At home with the Howler Monkey

 
A Howler Monkey looks down from a tree in Río Canandé Reserve

The Chocó Rainforest is a wild world – and one under threat. Roving reporter, Bethan John explores the rainforest of north western Ecuador and meets some of its noisier residents.

Like clockwork, at 5.50am every day, the rainforest wake ups. At first, the bird song is a murmur, a whispering chatter of chirps and tweets, like gossiping nuns at chapel. Beneath the soft haze of mosquito netting I lie there among them, a silent intruder, listening.

By 6am the forest is alive: frenzied noise fills the air – unseen creatures squawk and whoop like drunken brawlers. A distant rumble becomes a crescendo as primeval roars vibrate across the treetops. The day has begun.

I’m in the Chocó Rainforest, in north western Ecuador, with a team from Fundación Jocotoco, one of the Ecuadorian conservation partners of World Land Trust (WLT).  We’re heading into the Río Canandé Reserve to track down the beast that emits these primeval roars: the Howler Monkey.

Monkey business

For most of 2013, I’ve been exploring the forests of Latin America and the reserves run by WLT’s partner organisations.

During my adventures, I’ve encountered a number of different monkey species and they’ve taught me a few lessons. Number one: do not stand directly below them. Spider Monkeys, in particular, are territorial and can be aggressive: throwing branches at your head is just stage one of their intimidation techniques. If that fails to send you scurrying then the urine splattering down from the treetops usually does the trick.

The Howler, although roaring like a top predator, is a much gentler and shier creature than he sounds. I’ve often heard them, but so far they’ve evaded me. Today I hope to get lucky.

I set off with two rangers – father and son from the local village – who are ready to show me the forest’s secrets. Trekking with rangers who have a great knowledge of the habitat and its wildlife is like being with superhumans. Their eyesight and hearing is unnaturally good – turning leaves into vibrant tropical birds before your eyes.

It’s an easy hour and half walk but the sweat is already pouring from me and mosquitos are feasting on every bare patch of skin. Suddenly the ranger in front stops, peers through the trees to his left, lightly tip-toes forward and peers searchingly again. He leaves the trail and slowly makes his way through the forest’s vegetation. He signals to us to follow him. Despite my attempts to mimic his stealthy steps, I trundle along like a baby elephant, tripping over roots and getting tangled in vines as I go.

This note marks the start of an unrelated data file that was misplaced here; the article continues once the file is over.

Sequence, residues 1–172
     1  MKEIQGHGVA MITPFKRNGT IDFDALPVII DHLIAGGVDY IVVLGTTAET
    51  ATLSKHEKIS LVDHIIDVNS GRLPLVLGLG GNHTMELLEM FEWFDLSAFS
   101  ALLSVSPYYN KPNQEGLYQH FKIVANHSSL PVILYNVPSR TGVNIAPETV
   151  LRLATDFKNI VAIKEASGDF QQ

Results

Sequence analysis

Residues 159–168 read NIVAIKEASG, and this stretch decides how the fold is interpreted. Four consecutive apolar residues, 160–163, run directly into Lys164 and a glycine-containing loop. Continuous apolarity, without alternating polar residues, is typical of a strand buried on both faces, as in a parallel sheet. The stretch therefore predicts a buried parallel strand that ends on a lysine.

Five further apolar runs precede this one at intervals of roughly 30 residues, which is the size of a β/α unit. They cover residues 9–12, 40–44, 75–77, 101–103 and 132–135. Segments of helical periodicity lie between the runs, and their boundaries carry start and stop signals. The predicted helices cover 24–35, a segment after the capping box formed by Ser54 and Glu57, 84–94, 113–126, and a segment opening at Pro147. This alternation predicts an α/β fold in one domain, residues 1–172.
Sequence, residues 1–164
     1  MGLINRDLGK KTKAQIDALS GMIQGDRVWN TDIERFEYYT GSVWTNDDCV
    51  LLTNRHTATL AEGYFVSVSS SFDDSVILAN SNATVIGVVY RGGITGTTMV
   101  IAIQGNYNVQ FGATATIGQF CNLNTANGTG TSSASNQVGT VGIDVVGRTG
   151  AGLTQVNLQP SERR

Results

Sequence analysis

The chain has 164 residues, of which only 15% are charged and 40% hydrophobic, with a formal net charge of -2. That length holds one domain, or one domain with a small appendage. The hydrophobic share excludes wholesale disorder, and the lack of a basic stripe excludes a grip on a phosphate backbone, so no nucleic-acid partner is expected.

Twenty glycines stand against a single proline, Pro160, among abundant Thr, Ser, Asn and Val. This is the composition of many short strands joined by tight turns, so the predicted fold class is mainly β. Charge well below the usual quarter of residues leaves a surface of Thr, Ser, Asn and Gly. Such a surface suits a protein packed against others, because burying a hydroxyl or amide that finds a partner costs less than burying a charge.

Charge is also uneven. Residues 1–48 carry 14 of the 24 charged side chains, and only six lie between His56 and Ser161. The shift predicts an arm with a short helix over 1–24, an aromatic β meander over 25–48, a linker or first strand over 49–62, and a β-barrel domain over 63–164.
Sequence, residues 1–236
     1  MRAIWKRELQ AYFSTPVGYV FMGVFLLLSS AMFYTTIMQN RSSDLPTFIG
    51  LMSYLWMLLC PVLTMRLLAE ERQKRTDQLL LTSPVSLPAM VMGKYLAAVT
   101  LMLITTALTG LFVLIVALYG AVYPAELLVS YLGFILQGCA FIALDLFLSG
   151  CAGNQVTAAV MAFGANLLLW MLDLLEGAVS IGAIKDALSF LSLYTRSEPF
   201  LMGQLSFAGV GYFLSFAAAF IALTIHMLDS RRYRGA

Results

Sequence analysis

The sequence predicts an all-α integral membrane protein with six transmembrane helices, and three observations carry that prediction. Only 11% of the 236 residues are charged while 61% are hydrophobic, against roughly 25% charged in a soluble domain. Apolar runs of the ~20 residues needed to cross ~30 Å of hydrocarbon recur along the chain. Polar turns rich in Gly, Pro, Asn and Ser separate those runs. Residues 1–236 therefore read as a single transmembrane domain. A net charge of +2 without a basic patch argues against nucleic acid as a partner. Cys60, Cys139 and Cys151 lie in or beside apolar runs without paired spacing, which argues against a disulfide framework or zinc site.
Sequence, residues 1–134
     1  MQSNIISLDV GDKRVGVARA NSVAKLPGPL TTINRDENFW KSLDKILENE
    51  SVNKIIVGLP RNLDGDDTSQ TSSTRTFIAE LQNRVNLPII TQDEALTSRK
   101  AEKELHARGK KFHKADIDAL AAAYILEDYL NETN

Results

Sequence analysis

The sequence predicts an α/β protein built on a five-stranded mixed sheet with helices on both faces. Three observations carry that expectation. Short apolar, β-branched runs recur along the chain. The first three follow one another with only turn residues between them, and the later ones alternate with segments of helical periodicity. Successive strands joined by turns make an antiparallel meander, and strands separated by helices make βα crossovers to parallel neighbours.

Part of a wild world

A few metres into the forest the ranger stops and points to the treetops. There, sitting quietly with his chin resting on his folded arm, is a big Howler, staring at us. Slowly, he lifts his body up onto his arms, opens his great mouth and lets out booming roars – one after the other. As soon as he stops, other monkeys appear in the canopy and join in. The whole forest seems to vibrate with their noise.

We crouch on the forest floor as a mother cradles a baby in front of us and a male struts across the branches near her, periodically erupting into great howls. They seem aware of our presence but aren’t in any hurry to move on. For about half an hour we sit with them, quietly watching their behaviour. For these short moments, I feel part of their world.

Threatened forest

Despite its beauty and diversity, this wild world is being destroyed. The roar of the Howler barely drowns out the constant noise of chainsaws that drifts across the forest. The morning chorus cannot compete with the noise of trucks laden with logs that trundle past the eco-lodge all day.

The Río Canandé Reserve offers a safe haven for this family of monkeys and a wealth of other wildlife , and Fundación Jocotoco is desperate to save more of the rainforest. With WLT’s help, the forest reserves of the Chocó can and will be expanded, and the Howler Monkey will be left in peace.

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